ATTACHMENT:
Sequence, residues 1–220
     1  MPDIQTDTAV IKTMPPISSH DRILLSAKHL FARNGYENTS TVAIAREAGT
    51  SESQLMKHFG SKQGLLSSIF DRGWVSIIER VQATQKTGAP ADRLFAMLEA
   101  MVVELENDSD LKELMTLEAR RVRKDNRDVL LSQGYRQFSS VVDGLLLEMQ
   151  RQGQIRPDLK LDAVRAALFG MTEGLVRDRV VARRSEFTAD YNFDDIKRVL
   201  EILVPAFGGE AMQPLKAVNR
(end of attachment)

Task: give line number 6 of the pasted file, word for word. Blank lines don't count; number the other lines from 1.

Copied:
   201  EILVPAFGGE AMQPLKAVNR